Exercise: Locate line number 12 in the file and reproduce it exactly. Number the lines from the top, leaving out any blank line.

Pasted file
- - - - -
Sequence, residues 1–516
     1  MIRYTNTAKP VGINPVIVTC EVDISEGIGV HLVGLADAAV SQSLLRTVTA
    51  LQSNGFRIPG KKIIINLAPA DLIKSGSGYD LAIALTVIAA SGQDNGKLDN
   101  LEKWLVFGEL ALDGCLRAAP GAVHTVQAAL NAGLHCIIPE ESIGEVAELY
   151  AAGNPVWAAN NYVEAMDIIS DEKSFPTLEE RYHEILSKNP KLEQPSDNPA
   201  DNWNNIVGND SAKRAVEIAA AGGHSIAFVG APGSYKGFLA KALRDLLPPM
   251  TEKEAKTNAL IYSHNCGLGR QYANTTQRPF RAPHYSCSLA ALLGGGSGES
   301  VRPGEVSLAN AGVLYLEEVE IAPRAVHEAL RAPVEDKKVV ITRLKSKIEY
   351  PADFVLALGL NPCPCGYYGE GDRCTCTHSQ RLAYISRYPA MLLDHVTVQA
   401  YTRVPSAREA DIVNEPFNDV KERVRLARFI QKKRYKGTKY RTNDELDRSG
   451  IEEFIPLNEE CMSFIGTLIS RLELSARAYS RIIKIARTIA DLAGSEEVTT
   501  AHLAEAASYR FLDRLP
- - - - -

   501  AHLAEAASYR FLDRLP